- there will definitely be visits back to phoenix, and if anyone wants to come play in the snow - now you have an excuse to come north!

so there you have it. we're excited to start this journey!

small-stuff updates:
1. we celebrated our 3 year anniversary on 7/31. <3

2. james is still adorbs. (margi, that's for you.)
(proof of current adorability)

June 29, 2013

June 17, 2013

is there anything more amazing...

i was in the middle of this blissful, loving train of thought a few minutes ago. it was going along the lines of: is there anything more amazing than being recognized by your baby? james had just locked eyes with me, giggled, and i think he might have thrown some flirting in there just to top it off. beautiful and perfect moment...

...and then he spit up ALL over me. and not just spit up, he must have been saving it since it smelled more like throw up than anything else.

ah, my child. thank you for bringing me down to earth. honestly, it's a good thing today was a no-shower day. the amount of bodily fluids i got covered in was not conducive to trying... well, i was going to add to that sentence, but really - i could just end there.


June 13, 2013

The next 6 weeks: Continuing to learn...

Things I learned over the next 6 weeks...

-       You are going to be tired. More tired than you have ever been, but you will still find yourself doing more than you knew you could do. Take the opportunities for sleep when you can, but also embrace that this is the season of your life.

-       Find a mom’s group. Real life support with other mamas is incredibly important. I am blessed to be connected through my birth center, but if you don’t have a pre-loaded group, be proactive. Use or other online resources as a starting point, then get out there and meet other moms! Ask for phone numbers! Don’t worry if it feels like you’re dating again! Then make sure to text/call them when you’re having a breakdown moment or a triumphant success.

-       It’s hard to fit everything in. That’s still okay (even if you’re past the 6 week check up with a clean bill of health). Continue asking for help. Can a family member come watch the little one while you nap, or get caught up on paying bills, or simply taking some time to breathe? Don’t feel like you have to be superwoman – remember this is a marathon, not a sprint.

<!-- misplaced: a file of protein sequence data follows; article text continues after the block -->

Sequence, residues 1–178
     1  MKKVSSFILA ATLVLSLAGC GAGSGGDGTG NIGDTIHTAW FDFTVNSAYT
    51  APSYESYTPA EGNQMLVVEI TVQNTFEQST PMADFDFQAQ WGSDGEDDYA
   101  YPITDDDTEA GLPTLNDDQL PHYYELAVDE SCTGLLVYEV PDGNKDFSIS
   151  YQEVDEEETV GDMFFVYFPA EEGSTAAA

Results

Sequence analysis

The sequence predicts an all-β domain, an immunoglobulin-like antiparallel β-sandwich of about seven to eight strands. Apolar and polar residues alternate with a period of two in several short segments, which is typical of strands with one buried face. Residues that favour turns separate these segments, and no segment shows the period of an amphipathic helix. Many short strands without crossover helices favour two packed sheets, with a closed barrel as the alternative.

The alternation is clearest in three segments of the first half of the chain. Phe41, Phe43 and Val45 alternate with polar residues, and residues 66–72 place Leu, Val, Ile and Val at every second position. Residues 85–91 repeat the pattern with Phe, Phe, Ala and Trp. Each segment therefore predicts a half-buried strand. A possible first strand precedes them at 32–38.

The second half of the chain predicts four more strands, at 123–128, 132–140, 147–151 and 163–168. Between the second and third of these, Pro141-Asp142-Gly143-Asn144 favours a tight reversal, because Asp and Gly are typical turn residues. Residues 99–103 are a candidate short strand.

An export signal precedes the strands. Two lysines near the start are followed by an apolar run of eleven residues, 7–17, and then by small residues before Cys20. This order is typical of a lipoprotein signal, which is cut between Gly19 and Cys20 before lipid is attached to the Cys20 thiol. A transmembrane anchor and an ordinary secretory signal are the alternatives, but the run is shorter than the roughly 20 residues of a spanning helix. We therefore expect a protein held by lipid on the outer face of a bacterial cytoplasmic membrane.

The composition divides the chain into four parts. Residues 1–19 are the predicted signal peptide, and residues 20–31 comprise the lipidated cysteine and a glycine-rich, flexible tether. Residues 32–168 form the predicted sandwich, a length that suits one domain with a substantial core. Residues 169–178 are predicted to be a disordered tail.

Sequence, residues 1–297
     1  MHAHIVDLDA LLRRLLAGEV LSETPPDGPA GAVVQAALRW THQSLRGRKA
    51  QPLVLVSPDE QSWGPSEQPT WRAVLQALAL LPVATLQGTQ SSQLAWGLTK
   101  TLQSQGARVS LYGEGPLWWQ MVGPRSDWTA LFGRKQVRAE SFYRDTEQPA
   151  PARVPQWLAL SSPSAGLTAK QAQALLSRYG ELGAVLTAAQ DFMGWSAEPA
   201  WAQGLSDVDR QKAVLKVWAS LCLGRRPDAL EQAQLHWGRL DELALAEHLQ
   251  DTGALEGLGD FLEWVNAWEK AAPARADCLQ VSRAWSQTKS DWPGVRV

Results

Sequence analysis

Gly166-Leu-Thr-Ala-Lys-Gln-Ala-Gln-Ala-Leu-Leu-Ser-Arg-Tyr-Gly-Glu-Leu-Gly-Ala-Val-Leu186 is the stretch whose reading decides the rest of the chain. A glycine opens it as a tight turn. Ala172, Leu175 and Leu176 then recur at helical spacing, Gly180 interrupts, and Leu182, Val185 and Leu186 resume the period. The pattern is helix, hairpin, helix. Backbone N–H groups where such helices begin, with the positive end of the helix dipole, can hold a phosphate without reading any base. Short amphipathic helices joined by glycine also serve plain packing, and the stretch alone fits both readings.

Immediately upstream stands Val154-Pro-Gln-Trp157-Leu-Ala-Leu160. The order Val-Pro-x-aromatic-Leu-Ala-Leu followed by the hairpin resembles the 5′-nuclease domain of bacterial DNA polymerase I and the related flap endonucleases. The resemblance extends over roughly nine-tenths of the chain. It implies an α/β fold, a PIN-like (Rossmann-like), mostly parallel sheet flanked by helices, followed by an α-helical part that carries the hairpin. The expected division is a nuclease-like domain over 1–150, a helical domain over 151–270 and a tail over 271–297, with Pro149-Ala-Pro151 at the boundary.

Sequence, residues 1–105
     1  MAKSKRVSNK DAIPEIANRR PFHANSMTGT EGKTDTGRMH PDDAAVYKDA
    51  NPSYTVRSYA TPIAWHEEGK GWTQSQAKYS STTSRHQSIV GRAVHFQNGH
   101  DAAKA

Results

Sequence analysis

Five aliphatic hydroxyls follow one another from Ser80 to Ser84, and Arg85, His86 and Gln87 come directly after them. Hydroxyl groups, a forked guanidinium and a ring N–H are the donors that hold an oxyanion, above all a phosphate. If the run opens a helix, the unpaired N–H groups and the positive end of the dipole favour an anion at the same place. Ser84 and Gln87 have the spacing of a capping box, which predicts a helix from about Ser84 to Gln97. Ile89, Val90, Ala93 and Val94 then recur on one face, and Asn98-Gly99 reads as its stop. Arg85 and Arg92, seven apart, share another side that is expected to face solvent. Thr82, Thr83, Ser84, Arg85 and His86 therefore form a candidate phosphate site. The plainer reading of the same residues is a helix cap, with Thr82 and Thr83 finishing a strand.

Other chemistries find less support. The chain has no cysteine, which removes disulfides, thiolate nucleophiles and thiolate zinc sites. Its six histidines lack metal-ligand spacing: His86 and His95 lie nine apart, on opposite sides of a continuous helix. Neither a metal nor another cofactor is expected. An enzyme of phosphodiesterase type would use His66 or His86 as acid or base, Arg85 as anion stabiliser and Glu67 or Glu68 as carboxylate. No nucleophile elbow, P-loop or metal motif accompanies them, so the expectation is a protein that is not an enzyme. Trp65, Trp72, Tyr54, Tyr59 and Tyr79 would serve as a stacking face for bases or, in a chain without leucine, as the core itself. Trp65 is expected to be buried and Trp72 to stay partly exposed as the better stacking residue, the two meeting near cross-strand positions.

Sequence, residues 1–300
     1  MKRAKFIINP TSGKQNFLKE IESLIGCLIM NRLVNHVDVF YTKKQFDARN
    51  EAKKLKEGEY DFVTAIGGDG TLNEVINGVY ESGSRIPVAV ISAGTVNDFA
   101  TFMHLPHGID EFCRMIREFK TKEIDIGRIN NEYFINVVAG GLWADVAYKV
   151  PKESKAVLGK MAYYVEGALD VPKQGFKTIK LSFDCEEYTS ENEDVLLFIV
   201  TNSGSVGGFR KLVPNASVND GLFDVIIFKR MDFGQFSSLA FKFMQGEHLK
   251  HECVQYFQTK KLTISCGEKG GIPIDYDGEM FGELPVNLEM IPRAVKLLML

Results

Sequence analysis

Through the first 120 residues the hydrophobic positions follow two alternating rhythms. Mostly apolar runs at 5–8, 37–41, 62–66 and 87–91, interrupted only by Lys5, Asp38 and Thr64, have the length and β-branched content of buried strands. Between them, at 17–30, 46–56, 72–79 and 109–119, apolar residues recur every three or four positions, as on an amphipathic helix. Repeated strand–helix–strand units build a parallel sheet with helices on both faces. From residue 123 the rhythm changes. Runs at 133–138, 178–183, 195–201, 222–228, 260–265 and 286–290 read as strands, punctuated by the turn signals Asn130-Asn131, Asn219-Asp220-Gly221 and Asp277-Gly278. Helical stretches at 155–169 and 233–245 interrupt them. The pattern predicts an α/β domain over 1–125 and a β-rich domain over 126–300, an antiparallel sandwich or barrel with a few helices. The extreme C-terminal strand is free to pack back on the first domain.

-       But make sure to take care of yourself. Take your vitamins. Drink water. Eat food. If any of these are tough, think of possible solutions. In my case, I’m hunting down ‘on the go’ recipes I can make/freeze even for breakfast/lunch. My freezer crock pot meals are fantastic for dinner, but I notice that when I’m single handedly trying to navigate the day my own nourishment often gets pushed to the side.

-       Time passes SO quickly. Take pictures with your phone or camera and flip through them. Even over a couple of weeks, you will marvel at little one’s growth and change.

-       It takes time to heal – give yourself that time. If you’re worried, go see the doctor. If the doctor says you’re okay – give yourself a break. I was so worried about how much I still hurt even as I approached the magical 6 week mark that I may have been psyching myself out and getting in the way of my healing. Once I allowed myself to let go, I noticed that I very quickly resumed healing and felt much better.

-       Build time for your first relationship – that with your husband/partner. As a mother, I found that all other connections really did seem further away. This tends to make sense – I am biologically connected to this tiny, helpless being and my very body responds to his cries. However, I am also stronger with my husband by my side – we are a family, WERE a family before our little one joined us. I found that even when tired, it feels so good to reconnect and spend time being close. It helps us rejuvenate and better face the ups and downs of the next day. It really opened my eyes when I heard him say “It’s nice to be appreciated as more than just someone else to hold the baby.” While I never meant to come across that way, I can see that perspective.

-       Along the same note, make sure to keep lines of communication open with those around you: husband/partner, family, friends. It’s easy to get wrapped up in your own thoughts and just steam ahead while leaving others out in the cold.

-       Continue to advocate for yourself. You may need some time to have your own thoughts and rediscover your needs. This is hard to do in close proximity to the little one (at least for me). Remember your voice. Keep a journal, keep your hobbies, find a quiet space. You are you, in addition to being a wonderful mama and partner.